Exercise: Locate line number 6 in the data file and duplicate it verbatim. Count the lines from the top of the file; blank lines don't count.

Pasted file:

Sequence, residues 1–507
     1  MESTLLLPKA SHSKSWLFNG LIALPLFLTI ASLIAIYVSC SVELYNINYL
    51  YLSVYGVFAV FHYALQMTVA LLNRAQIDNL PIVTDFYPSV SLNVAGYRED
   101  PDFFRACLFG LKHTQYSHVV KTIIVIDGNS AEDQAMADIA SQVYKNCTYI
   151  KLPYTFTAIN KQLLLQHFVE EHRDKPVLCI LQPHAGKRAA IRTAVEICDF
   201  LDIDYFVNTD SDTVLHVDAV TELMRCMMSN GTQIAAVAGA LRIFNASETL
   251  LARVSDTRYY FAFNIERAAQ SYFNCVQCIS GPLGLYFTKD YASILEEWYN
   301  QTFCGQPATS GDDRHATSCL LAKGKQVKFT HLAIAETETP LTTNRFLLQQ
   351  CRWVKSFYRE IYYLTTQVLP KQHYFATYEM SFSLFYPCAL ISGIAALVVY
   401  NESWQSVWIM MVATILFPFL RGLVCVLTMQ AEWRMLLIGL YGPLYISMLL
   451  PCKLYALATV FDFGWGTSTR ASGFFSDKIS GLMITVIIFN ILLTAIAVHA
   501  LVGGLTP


   201  LDIDYFVNTD SDTVLHVDAV TELMRCMMSN GTQIAAVAGA LRIFNASETL